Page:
It was with this understanding in mind that, in American Mini Theatres, a majority of this Court decided that, at least with respect to businesses that purvey sexually explicit materials, zoning ordinances designed to combat the undesirable secondary effects of such businesses are to be reviewed under the standards applicable to "content-neutral" time, place, and manner regulations. Justice Stevens, writing for the plurality, concluded that the city of Detroit was entitled to draw a distinction between adult theaters and other kinds of theaters "without violating the government's paramount obligation of neutrality in its regulation of protected communication," noting that "[i]t is th[e] secondary effect which these zoning ordinances attempt to avoid, not the dissemination of 'offensive' speech." Justice Powell, in concurrence, elaborated: "[The] dissent misconceives the issue in this case by insisting that it involves an impermissible time, place, and manner restriction based on the content of expression. It involves nothing of the kind. We have here merely a decision by the city to treat certain movie theaters differently because they have markedly different effects upon their surroundings. . . . Moreover, even if this were a case involving a special governmental response to the content of one type of movie, it is possible that the result would be supported by a line of cases recognizing that the government can tailor its reaction to different types of speech according to the degree to which its special and overriding interests are implicated."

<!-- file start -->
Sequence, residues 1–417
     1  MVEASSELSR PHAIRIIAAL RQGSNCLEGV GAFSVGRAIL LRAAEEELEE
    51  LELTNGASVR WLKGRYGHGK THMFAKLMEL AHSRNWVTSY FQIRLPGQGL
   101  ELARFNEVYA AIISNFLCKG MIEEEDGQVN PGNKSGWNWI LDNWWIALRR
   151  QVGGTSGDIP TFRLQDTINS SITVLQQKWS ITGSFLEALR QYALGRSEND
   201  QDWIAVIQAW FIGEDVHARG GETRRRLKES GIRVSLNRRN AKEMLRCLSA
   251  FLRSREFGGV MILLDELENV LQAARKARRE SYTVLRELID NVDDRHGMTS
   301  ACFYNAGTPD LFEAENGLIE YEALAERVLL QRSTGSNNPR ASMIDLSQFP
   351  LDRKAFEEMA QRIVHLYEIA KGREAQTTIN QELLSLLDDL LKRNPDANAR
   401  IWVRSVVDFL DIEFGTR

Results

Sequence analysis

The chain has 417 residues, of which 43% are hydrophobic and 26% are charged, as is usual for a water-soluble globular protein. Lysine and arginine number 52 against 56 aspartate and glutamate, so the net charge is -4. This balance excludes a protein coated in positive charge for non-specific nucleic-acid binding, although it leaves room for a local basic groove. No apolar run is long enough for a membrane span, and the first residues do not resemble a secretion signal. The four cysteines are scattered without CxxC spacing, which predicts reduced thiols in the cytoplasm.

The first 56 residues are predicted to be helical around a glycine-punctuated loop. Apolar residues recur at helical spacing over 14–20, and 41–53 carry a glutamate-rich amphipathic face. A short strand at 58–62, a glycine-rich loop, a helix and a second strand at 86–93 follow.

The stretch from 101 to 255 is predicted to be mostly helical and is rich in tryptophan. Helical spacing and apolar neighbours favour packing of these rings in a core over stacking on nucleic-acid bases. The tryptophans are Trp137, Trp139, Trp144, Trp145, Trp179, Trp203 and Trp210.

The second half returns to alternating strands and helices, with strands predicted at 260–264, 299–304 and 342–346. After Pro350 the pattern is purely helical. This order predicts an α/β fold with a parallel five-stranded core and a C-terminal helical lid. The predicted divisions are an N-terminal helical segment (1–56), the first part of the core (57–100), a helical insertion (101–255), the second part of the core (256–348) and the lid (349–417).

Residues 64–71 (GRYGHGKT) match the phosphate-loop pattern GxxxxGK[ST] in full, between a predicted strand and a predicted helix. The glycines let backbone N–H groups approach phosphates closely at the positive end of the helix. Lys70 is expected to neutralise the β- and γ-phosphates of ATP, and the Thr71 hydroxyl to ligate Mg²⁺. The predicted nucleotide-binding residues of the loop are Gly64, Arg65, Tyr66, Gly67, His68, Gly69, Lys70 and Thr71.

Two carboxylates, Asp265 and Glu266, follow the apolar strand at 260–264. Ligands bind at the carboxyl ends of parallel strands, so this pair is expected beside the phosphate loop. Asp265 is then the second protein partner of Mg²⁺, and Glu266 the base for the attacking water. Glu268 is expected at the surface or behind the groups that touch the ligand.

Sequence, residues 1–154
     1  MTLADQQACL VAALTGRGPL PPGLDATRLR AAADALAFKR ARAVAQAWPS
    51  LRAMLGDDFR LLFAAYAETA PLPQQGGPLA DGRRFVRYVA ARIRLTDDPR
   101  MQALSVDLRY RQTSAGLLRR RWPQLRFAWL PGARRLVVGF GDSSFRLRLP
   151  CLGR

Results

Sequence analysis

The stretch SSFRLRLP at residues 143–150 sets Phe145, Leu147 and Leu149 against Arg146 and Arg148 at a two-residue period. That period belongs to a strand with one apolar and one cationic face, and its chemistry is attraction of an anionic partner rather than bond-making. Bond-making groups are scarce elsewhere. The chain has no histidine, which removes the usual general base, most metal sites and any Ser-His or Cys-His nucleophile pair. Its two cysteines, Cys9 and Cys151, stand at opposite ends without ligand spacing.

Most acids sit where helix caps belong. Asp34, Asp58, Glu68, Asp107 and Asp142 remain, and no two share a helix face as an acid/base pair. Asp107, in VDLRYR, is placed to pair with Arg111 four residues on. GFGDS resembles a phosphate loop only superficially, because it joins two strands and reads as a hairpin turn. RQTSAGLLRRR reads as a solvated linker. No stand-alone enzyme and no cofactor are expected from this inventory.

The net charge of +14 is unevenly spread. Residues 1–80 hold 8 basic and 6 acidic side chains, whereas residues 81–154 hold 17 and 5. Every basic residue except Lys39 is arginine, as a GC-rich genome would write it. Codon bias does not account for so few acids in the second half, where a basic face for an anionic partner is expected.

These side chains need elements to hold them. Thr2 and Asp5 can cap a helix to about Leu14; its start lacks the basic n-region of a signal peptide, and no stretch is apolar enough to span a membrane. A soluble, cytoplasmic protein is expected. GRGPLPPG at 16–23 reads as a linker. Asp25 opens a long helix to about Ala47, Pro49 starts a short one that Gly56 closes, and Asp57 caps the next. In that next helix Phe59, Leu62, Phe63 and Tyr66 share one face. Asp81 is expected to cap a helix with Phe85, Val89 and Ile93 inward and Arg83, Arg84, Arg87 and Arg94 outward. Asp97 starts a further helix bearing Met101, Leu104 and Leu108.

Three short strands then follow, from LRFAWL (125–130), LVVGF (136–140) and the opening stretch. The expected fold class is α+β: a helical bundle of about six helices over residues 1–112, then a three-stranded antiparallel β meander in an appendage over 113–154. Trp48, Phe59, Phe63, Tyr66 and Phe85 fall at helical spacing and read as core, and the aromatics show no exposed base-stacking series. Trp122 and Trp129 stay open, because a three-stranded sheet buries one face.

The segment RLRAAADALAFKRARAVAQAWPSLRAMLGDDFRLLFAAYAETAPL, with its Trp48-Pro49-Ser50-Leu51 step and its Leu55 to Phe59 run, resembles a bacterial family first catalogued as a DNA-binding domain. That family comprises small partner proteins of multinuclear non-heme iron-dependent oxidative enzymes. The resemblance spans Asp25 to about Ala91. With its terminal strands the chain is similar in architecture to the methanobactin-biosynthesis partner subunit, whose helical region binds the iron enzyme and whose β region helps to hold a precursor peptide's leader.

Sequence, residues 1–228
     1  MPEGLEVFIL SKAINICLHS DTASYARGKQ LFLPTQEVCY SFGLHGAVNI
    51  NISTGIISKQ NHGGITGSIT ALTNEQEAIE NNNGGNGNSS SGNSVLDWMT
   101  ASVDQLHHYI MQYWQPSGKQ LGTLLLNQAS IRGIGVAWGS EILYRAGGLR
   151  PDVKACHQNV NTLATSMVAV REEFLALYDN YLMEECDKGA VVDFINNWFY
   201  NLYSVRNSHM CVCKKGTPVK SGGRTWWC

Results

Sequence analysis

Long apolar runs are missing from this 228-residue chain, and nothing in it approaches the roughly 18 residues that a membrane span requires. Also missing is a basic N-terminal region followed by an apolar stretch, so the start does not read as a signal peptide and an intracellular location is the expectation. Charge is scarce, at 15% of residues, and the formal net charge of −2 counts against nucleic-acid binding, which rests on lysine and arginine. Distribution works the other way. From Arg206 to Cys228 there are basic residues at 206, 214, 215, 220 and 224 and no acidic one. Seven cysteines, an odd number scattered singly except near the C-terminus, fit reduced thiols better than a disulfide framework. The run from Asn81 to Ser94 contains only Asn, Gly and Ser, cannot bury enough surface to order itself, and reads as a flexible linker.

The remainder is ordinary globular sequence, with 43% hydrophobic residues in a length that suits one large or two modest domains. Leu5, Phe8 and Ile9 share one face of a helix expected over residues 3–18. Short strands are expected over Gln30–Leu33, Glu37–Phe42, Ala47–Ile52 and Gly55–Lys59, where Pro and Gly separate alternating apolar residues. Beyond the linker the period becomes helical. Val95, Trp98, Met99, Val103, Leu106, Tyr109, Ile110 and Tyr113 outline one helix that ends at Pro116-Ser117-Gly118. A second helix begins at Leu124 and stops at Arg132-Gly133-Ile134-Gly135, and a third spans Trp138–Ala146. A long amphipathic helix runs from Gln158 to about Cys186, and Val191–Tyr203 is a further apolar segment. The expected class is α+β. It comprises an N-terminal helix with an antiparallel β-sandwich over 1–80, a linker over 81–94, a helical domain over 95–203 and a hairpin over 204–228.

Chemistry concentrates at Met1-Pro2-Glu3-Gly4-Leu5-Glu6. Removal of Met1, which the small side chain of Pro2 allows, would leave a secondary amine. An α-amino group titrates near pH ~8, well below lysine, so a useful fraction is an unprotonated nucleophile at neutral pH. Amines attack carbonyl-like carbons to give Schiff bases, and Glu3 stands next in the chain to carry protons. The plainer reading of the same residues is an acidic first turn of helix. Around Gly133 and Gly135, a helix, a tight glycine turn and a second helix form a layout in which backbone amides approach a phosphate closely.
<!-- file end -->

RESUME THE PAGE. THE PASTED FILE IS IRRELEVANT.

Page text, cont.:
The appropriate inquiry in this case, then, is whether the Renton ordinance is designed to serve a substantial governmental interest and allows for reasonable alternative avenues of communication. It is clear that the ordinance meets such a standard. As a majority of this Court recognized in American Mini Theatres, a city's "interest in attempting to preserve the quality of urban life IS one that must be accorded high respect." Exactly the same vital governmental interests are at stake

The Court of Appeals ruled, however, that because the Renton ordinance was enacted without the benefit of studies specifically relating to "the particular problems or needs of Renton," the city's justifications for the ordinance were "conclusory and speculative." We think the Court of Appeals imposed on the city an unnecessarily rigid burden of proof. The record in this case reveals that Renton relied heavily on the experience of, and studies produced by, the city of Seattle. In Seattle, as in Renton, the adult theater-zoning ordinance was aimed at preventing the secondary effects caused by the presence of even one such theater in a given neighborhood.